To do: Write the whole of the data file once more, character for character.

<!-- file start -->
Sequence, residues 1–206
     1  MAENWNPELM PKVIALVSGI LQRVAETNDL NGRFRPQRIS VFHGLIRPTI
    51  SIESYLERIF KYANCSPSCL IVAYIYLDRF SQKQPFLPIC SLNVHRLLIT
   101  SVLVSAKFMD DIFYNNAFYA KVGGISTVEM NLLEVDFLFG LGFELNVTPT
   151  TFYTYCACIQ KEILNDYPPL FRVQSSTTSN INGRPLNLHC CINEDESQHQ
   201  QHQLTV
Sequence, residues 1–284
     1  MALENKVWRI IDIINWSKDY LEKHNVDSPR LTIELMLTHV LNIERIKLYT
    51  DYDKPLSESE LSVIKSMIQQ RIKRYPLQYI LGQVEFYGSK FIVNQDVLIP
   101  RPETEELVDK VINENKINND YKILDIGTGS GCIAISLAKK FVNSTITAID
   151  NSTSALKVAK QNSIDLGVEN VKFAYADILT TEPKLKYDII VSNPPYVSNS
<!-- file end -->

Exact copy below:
Sequence, residues 1–206
     1  MAENWNPELM PKVIALVSGI LQRVAETNDL NGRFRPQRIS VFHGLIRPTI
    51  SIESYLERIF KYANCSPSCL IVAYIYLDRF SQKQPFLPIC SLNVHRLLIT
   101  SVLVSAKFMD DIFYNNAFYA KVGGISTVEM NLLEVDFLFG LGFELNVTPT
   151  TFYTYCACIQ KEILNDYPPL FRVQSSTTSN INGRPLNLHC CINEDESQHQ
   201  QHQLTV
Sequence, residues 1–284
     1  MALENKVWRI IDIINWSKDY LEKHNVDSPR LTIELMLTHV LNIERIKLYT
    51  DYDKPLSESE LSVIKSMIQQ RIKRYPLQYI LGQVEFYGSK FIVNQDVLIP
   101  RPETEELVDK VINENKINND YKILDIGTGS GCIAISLAKK FVNSTITAID
   151  NSTSALKVAK QNSIDLGVEN VKFAYADILT TEPKLKYDII VSNPPYVSNS